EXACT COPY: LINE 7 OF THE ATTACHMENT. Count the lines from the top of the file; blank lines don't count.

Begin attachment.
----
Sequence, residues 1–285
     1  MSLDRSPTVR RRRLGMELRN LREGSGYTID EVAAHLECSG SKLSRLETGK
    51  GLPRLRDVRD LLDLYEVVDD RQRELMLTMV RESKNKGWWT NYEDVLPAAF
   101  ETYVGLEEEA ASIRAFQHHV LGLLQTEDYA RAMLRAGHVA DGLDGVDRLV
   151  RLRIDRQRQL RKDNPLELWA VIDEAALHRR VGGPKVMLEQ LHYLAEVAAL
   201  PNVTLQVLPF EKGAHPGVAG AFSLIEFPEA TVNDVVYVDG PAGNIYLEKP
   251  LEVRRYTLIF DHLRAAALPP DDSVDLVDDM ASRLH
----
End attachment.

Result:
   251  LEVRRYTLIF DHLRAAALPP DDSVDLVDDM ASRLH